LEEDS.- The Stanley and Audrey Burton Gallery
has acquired a work by Scottish abstract painter Alan Davie for the University Art Collection, with support from the MLA/V&A Purchase Grant Fund and the Art Fund.
Figure Mask No. 2 (1956) exemplifies the type of work Davie was producing when he was invited to become Gregory Fellow in Painting at the University of Leeds from 1957-59, and shows the influence of his beloved improvisational jazz music. The painting is now on display in the permanent collection room.
The Gallery is open to the public Monday to Saturday, 10-5pm, and admission is free.
Seed funding for the purchase came from the bequest of Georgina Dobrée, a renowned clarinettist and daughter of Bonamy Dobrée. Bonamy Dobrée was a member of the Gregory Fellowships committee appointing Alan Davie, and so therefore the purchase makes an apt tribute to Georgina, for its musical and family connections.
The MLA/V&A Purchase Grant Fund supported the purchase of the painting with a grant of £25,000, and membership charity the Art Fund contributed support of £20,000.
The painting was recently on display at the Stanley & Audrey Burton Gallery in the 'Alan Davie' exhibition (16 March - 5 June 2010). The exhibition celebrated the 80th birthday year of the artist, born in 1920.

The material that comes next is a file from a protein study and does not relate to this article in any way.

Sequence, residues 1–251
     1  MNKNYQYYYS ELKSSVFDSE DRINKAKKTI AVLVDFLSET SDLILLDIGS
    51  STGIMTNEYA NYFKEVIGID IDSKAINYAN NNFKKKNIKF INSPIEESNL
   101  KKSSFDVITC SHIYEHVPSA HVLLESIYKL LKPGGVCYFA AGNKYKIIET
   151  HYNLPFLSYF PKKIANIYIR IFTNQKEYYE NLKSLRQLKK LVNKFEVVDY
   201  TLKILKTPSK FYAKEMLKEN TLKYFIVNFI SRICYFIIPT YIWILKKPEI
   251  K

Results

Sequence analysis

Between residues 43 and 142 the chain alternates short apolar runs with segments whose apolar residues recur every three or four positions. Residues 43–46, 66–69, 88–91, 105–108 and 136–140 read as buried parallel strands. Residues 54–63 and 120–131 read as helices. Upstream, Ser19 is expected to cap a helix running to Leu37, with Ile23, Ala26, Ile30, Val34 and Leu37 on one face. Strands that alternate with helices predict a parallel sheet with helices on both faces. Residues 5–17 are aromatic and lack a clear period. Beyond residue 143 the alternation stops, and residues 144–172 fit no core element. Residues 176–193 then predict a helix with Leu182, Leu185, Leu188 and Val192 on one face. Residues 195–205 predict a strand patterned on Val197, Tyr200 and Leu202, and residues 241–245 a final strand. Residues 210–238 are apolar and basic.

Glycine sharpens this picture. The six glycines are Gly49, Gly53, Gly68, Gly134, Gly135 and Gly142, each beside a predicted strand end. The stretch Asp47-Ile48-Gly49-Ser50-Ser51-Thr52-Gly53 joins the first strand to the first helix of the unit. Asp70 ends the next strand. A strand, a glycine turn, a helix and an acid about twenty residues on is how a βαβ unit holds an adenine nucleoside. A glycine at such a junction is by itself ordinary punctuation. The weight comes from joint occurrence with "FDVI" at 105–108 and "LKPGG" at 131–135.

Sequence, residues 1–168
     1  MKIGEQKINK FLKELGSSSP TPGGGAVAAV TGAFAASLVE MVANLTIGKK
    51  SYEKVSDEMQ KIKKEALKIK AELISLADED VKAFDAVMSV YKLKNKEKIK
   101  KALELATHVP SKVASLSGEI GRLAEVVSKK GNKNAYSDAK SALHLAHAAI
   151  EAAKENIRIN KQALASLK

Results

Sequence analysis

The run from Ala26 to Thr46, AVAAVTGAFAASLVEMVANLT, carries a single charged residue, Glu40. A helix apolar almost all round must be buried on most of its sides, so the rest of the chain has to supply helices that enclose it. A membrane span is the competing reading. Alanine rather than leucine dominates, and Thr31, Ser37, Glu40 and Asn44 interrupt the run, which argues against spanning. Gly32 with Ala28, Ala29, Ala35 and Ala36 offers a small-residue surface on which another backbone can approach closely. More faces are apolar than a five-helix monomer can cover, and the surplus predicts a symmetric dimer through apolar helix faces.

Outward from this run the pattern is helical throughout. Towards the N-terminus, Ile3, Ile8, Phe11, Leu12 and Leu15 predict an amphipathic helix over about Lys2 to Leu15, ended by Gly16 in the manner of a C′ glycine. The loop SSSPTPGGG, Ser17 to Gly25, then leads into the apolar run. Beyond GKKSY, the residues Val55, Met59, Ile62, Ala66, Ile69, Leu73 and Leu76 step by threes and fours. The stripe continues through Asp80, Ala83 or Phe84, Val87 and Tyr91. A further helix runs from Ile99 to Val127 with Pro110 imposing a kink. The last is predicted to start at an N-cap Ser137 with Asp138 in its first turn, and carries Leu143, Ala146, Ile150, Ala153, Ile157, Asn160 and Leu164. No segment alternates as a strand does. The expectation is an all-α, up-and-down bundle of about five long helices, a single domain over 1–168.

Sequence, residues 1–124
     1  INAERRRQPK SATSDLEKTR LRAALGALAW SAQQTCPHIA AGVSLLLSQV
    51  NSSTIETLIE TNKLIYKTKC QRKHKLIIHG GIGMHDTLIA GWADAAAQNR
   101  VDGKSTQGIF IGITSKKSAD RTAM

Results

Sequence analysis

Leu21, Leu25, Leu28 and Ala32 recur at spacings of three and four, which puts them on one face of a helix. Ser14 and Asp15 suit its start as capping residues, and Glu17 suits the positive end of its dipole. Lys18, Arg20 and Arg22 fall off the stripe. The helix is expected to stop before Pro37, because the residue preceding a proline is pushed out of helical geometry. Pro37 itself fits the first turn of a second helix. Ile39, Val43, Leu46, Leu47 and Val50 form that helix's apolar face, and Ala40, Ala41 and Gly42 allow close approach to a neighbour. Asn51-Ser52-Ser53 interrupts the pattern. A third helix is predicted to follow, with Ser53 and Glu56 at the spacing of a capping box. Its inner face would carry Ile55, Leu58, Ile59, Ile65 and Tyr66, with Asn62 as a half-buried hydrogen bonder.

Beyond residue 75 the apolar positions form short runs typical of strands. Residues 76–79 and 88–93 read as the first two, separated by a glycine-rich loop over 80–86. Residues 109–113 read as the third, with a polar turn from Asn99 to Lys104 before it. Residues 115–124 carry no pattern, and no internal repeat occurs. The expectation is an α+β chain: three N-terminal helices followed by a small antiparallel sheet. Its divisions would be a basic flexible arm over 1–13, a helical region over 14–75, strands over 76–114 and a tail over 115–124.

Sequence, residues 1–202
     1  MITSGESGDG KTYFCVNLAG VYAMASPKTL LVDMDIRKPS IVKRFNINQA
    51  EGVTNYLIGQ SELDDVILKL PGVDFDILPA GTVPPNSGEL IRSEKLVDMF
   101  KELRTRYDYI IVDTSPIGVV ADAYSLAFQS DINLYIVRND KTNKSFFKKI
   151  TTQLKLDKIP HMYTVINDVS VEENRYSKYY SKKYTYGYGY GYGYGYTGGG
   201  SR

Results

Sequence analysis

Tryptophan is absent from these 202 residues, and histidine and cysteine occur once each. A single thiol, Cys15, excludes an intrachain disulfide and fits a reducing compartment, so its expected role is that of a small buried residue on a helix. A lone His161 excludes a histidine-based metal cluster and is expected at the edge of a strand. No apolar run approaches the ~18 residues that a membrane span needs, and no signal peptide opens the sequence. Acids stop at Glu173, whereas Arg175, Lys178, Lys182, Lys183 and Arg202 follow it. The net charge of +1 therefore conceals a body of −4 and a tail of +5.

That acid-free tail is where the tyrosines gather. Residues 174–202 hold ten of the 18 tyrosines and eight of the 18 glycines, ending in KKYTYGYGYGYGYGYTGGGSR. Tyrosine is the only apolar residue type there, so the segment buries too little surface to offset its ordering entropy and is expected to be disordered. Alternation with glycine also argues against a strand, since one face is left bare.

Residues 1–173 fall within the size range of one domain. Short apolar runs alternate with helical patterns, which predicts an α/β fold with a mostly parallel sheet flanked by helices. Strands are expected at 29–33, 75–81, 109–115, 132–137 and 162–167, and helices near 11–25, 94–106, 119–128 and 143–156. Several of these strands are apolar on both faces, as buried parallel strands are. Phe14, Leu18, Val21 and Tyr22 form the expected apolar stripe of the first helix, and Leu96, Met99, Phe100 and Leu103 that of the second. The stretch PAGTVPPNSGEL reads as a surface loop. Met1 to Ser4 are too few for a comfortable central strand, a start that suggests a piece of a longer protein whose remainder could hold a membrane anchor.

1956 - the year Davie painted Figure Mask No. 2 - has been recognized as a turning point in the artist's career. He had shows in London, New York, Copenhagen, Oslo and Manchester. During this time, Davie began to work in series. In order to create paintings such as Figure Mask No.2, he would lay several boards on the floor and work on them simultaneously, using shared forms, patterns and colours in each painting.
Through the process of painting, making changes, additions and erasures, the final series of paintings relate to each other, without being repetitions. Each work in the series expands and builds upon the prior work, and collectively demonstrates how Davie sought to tease out ideas and themes in his work.
Like many artists of the post-war generation, Davie was grappling with the legacies of Surrealism during the mid-1950s. The wish to paint completely free from conscious desire preoccupied him. Following thinker Carl Jung, Davie believed- and continues to believe- that it is only possible to live the fullest life when we are in harmony with universal symbols. For Davie, this meant spontaneous mark marking free association and the attempt to create automatic images unhampered by conscious thought. The fleshy central mass of Figure Mask No.2 demonstrates Davie's belief in the power of unconscious abstraction to convey a truthful reality.
He stated in a lecture in 1961 that: "The more obstinately one tries to learn to shoot for the sake of hitting the target, the less one will succeed. In the same way, as long as I am aware of my inability to paint exactly as I desire, I am paralysed by that very desire and only when I succeed in abolishing completely that desire can I create anything".